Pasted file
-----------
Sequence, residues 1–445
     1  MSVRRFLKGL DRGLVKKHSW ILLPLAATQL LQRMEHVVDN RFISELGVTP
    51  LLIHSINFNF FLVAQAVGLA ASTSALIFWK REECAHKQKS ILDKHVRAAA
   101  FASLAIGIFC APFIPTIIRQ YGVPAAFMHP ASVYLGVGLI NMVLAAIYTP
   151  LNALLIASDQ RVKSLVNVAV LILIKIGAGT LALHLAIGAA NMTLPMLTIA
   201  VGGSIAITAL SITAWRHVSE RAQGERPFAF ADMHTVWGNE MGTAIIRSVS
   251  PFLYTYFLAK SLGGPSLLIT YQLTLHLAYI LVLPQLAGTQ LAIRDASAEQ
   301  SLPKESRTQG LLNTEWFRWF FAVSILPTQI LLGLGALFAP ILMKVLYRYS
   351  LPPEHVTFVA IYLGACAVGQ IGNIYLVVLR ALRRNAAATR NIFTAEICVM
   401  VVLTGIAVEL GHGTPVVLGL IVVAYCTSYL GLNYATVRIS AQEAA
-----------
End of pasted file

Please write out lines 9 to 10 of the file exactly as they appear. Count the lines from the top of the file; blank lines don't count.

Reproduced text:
   351  LPPEHVTFVA IYLGACAVGQ IGNIYLVVLR ALRRNAAATR NIFTAEICVM
   401  VVLTGIAVEL GHGTPVVLGL IVVAYCTSYL GLNYATVRIS AQEAA